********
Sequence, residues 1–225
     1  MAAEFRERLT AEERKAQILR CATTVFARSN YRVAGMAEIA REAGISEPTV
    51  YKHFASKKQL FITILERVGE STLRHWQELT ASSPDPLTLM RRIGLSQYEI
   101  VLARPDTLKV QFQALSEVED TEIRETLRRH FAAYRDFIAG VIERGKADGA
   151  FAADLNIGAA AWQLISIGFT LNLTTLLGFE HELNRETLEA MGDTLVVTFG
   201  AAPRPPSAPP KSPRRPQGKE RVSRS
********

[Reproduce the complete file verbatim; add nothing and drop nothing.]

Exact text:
Sequence, residues 1–225
     1  MAAEFRERLT AEERKAQILR CATTVFARSN YRVAGMAEIA REAGISEPTV
    51  YKHFASKKQL FITILERVGE STLRHWQELT ASSPDPLTLM RRIGLSQYEI
   101  VLARPDTLKV QFQALSEVED TEIRETLRRH FAAYRDFIAG VIERGKADGA
   151  FAADLNIGAA AWQLISIGFT LNLTTLLGFE HELNRETLEA MGDTLVVTFG
   201  AAPRPPSAPP KSPRRPQGKE RVSRS